There are two ways that a new business makes its way: it either takes its slice out of the pie, or it makes the pie grow. The approach that most of the properties in Atlantic City have taken were the former—slicing the same-sized pie smaller and smaller until those with the smallest slices starved.
If Revel decides to be a “me too” offering to people that are already interested in coming to Atlantic City, it will fail (again). If it takes a novel approach, offering an experience that one cannot get by visiting other AC properties, Sugarhouse, the Meadowlands, or Mohegan Sun, people will come. From what we have seen and heard from Glen Straub over the last year, he seems to be the kind of man to make this happen.
What has worked in Atlantic City
When Borgata opened, it took the approach of expanding the pie. While all of the other casinos clamored for the bus visitor that visited for a few hours and dropped a couple hundred dollars on the slots, Borgata positioned itself as an entertainment destination rather than simply a casino.
- They advertised in markets such as Philadelphia and New York, offering a nearby getaway for city-dwellers that were not Atlantic City regulars.
- It brought hot national acts to perform at its entertainment venues.
- It flawlessly executed its nightlife, placing both Mixx and Murmur among the most profitable nightclubs on the East Coast.
- It built an outdoors music venue in the vein of the outdoors music festivals that have been all of the rage of the last ten years.
Borgata created a destination and focused on attracting people that wanted to have a good time—gambling was only one piece of the puzzle.
People like holding conventions here. It’s central to NY and Philadelphia, AC International is 15 minutes away, and it can be really fun for a person that wants to get away and let loose.
People like to drink on the beach. Bungalow Beach managed to get the South Beach vibe that no other shore town had this past summer, attracting people that were not necessarily A.C. regulars.
What has not worked in Atlantic City
“Bring the kids!”
Family destinations abound at the Jersey Shore. Look at a map, and take your pick between Cape May and LBI—just be sure to skip A.C. People don’t want to take their four-year-olds to a casino in the Inlet. Get over it.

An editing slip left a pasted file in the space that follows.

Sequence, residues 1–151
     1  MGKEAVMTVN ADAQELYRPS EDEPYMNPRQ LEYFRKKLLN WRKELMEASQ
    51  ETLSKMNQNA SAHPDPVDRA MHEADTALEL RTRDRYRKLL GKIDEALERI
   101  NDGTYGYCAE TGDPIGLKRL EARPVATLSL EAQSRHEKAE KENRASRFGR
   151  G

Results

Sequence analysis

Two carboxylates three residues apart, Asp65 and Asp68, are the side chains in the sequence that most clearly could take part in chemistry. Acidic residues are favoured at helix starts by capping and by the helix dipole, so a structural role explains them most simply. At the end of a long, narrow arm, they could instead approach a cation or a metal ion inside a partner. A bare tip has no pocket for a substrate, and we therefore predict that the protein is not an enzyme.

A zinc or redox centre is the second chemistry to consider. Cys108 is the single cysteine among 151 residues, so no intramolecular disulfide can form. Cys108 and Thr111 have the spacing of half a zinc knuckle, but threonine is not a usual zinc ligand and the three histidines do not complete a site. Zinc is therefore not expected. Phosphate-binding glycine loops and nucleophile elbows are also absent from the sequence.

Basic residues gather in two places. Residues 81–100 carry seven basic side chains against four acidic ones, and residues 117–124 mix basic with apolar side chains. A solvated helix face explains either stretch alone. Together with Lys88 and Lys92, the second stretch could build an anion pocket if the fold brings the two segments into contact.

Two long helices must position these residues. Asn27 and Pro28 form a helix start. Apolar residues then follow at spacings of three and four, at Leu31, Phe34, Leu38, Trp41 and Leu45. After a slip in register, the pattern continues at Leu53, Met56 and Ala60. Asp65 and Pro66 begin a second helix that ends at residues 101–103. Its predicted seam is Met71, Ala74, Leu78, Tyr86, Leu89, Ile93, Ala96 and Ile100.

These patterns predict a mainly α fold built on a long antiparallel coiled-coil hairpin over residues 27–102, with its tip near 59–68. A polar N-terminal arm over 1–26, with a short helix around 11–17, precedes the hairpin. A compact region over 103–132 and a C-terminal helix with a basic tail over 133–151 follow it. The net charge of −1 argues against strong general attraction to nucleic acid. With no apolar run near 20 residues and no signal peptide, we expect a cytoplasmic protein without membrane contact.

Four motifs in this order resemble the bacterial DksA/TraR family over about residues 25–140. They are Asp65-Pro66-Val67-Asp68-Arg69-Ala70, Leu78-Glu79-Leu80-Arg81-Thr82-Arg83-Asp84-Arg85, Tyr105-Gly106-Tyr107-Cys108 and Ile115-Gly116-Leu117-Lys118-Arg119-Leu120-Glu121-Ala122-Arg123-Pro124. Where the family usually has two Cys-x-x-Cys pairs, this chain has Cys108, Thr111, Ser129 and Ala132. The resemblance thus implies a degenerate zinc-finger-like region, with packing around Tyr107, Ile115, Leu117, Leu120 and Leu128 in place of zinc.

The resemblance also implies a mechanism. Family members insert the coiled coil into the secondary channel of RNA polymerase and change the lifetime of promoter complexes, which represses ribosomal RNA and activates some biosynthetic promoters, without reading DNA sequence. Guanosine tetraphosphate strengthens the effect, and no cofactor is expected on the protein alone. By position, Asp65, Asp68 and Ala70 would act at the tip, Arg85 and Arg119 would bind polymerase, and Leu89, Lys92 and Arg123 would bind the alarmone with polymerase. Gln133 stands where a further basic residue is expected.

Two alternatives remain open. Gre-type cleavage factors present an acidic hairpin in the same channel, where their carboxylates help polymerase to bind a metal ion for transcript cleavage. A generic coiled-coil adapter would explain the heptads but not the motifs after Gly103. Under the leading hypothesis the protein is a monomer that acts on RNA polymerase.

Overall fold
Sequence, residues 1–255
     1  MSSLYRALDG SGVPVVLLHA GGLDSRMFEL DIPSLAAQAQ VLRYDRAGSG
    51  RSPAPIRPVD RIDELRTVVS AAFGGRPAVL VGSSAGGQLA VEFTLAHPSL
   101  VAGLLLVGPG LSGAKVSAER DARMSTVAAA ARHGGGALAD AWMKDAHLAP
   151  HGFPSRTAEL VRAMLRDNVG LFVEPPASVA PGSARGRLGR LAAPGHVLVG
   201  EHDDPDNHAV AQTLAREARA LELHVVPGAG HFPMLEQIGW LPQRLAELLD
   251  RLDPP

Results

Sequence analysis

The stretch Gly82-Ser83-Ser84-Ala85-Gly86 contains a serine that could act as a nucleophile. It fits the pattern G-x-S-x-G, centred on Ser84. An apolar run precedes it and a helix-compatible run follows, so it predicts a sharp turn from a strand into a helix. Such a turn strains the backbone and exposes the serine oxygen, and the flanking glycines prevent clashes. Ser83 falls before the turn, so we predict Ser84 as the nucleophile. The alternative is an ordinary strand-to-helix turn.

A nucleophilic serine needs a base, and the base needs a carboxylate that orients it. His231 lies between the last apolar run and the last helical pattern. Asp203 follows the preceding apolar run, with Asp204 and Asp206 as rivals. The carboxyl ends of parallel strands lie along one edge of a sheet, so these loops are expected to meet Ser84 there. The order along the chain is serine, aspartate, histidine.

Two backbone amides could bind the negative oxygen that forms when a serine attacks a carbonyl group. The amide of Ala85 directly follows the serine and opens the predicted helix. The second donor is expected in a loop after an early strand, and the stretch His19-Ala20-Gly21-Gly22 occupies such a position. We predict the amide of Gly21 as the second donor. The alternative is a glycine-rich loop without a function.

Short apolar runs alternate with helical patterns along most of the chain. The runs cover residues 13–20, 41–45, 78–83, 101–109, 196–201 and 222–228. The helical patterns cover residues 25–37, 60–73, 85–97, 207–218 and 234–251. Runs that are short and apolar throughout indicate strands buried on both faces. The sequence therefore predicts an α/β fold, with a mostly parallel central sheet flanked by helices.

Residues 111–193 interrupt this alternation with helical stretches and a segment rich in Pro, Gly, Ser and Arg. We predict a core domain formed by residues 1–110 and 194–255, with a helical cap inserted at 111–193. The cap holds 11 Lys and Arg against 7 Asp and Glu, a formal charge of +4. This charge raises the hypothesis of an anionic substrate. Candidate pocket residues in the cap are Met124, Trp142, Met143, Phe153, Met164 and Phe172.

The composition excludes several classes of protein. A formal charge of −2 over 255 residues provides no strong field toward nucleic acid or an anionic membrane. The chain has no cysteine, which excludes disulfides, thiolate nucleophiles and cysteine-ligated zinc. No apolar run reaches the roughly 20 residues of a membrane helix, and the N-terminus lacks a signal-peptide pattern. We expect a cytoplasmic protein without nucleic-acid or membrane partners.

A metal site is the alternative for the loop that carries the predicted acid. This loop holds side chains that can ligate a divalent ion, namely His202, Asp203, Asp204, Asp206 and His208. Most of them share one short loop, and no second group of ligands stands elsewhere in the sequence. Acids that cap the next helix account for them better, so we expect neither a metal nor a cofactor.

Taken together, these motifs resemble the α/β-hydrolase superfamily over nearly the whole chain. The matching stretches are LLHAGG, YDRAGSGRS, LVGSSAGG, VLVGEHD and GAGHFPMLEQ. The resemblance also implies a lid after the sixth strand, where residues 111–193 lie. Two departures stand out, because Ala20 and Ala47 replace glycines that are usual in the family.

Advertising primarily in and around Atlantic City.
Send direct mail to past visitors and advertise on the Expressway five miles out of town… by the time they see these billboards, they know where they are going. There’s a good chance that you’re wasting your money.
Only focusing on gambling.
People can drive two miles from their houses if they want to drop $150 in a slot machine. You need to offer them something more: a getaway from responsibility, a break from routine, great restaurants, not having to worry about drinking and driving, concerts, a singles scene; wrap it all up in one.
Why Straub is Good for Atlantic City.
If we can say one thing about Glenn Straub, it’s that he is definitely a different kind of owner than anything A.C. has previously seen. The ideas that he has floated—from a university for geniuses, to an indoor water park, to having a high-speed ferry to New York—have reflected a unique way of thinking. It reflects an openness to the sorts of ideas that would not take a slice out of a shrinking pie, but that could make a whole new pie.
Where we go from here
“New Revel’s” success will be determined in the execution. It must:
- hire leadership with fresh ideas. Doing the same old things that A.C. has been doing for the last thirty-five years will not work.
- offer an experience that no competitor offers.
- target new segments and markets that are not being targeted
- drop Atlantic City’s pipe dream of getting families to drive through the hood with their kids to go on vacation.
- be the first A.C. casino to take advantage of what digital analytics can do for a brand.
- create a unique voice and culture of service (see Southwest Airlines). This will involve hiring the right people and treating them right.
Straub seems to be the type of man with the openness of mind to do this, but only time will tell.